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In Memory of Perro Aguayo Jr.

March 21, 2017

Two years ago today  in Tijuana, Mexico, Pedro Aguayo Ramirez, best known to wrestling fans as Perro Aguayo, Jr., died after suffering a fatal spinal injury during a match for Mexican independent promotion The Crash at the young age of 35.

Born July 23, 1979, the son of lucha legend Perro Aguayo was best known as the leader of rudo stable Perros del Mal (Dogs of Evil) in the mid 2000s. He would form his own independent promotion of the same name after leaving CMLL. He had two runs in AAA; his first from 1995 to 2003 (his professional debut came at just age 15), and his second coming in 2010. The 1995 Wrestling Observer Newsletter Rookie of the Year and 2012 AAA Rey de Reyes winner won tag team championships with World Wrestling Association, CMLL, and AAA. Aguayo had competed in 13 luchas de apuestas matches (wager matches, such as hair versus hair or hair versus mask) in his career, winning them all.

On March 20, 2015, Aguayo wrestled in a tag team match with Manik against Rey Mysterio and Xtreme Tiger. During the bout, Mysterio hit a headscissors takedown on Aguayo, who was then sent out of the ring. When Aguayo returned, he was kicked into the back and shoulder setting up for the 619. Manik then fell onto the middle rope and Aguayo’s body appeared to have gone limp. The match soon went to a quick finish, with Mysterio pinning Manik.

Konnan, who was at ringside, attempted to revive Aguayo, as did paramedics when he was brought to a local hospital. Aguayo was pronounced dead at 1am the next morning. He was just 35.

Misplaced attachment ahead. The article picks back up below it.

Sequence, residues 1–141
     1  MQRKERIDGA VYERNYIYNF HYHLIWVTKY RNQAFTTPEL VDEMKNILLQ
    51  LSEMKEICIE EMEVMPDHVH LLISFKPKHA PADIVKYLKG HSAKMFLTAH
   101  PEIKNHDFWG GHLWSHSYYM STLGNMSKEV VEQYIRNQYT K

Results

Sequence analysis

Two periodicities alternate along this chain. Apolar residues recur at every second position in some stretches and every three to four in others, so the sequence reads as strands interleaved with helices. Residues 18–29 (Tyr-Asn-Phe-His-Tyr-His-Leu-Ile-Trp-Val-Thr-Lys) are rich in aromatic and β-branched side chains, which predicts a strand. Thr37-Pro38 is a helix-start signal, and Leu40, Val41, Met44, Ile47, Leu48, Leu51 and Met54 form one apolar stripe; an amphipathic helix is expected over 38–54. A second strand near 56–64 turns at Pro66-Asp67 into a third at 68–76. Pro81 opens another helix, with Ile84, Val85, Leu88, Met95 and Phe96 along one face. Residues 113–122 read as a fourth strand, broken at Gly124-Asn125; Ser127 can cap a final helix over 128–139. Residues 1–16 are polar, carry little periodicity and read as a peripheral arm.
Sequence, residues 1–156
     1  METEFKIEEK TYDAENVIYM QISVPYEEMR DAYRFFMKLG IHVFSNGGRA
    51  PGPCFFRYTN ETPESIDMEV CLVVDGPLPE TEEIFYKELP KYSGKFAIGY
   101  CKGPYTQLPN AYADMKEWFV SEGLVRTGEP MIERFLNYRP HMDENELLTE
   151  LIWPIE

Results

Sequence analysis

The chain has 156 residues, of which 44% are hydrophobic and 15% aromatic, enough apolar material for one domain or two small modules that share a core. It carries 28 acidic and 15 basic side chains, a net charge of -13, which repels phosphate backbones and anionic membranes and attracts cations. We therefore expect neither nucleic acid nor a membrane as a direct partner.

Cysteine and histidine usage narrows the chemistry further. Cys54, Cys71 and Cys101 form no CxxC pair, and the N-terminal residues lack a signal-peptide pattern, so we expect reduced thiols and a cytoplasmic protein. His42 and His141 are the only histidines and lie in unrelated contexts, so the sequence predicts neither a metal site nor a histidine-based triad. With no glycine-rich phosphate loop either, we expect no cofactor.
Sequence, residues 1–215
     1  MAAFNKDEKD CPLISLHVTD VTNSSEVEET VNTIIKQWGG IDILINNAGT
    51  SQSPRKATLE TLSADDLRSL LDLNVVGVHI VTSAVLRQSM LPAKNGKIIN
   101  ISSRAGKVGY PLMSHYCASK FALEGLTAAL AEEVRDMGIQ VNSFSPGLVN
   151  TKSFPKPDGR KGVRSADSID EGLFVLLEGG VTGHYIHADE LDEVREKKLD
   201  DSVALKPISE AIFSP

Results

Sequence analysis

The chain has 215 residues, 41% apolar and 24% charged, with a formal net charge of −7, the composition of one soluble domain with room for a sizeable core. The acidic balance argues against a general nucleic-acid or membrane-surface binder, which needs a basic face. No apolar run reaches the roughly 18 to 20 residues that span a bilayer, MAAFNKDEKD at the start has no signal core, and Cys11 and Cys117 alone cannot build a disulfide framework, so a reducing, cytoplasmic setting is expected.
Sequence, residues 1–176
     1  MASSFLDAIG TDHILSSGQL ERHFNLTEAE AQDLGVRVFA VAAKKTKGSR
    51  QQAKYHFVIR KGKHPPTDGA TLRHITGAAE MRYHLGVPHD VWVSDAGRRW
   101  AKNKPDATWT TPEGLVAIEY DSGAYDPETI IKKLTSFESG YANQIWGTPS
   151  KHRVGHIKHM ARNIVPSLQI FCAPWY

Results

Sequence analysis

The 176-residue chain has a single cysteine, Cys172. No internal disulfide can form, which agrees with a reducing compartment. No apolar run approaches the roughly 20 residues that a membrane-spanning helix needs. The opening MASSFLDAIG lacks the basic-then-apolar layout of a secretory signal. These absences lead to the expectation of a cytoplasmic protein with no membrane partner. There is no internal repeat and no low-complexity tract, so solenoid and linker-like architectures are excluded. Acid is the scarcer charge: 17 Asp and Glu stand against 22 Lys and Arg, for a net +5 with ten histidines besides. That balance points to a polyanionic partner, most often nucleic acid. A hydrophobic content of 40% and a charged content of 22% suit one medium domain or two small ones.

Initially reported as a death via cervical spine trauma, Aguayo died of cardiac arrest due to a cervical stroke caused by having his C1, C2, and C3 vertebrae broken. There was criticism that Aguayo had not been attended to in a timely manner and had also been not properly carried out (he was carried out on a piece of plywood, as the stretcher was already in use to attend to another wrestler that suffered a spinal injury). The cororner ruled it would have made no difference, as the fractures killed him almost instantaneously.

Posthumously, several promotions, including AAA, Lucha Underground, CMLL, The Crash, and World Wrestling League, paid tribute to Aguayo following his death. Less than a month after his death, the Mexican Senate Sports Commission introduced an initiative to regulate combat sports nationwide in the country, including a code of ethics, a consolidation of agencies, and granting federal licenses. Perro Aguayo, Jr. was posthumously inducted into the AAA Hall of Fame that summer at Triplemania XXIII and the Wrestling Observer Newsletter Hall of Fame late in the year.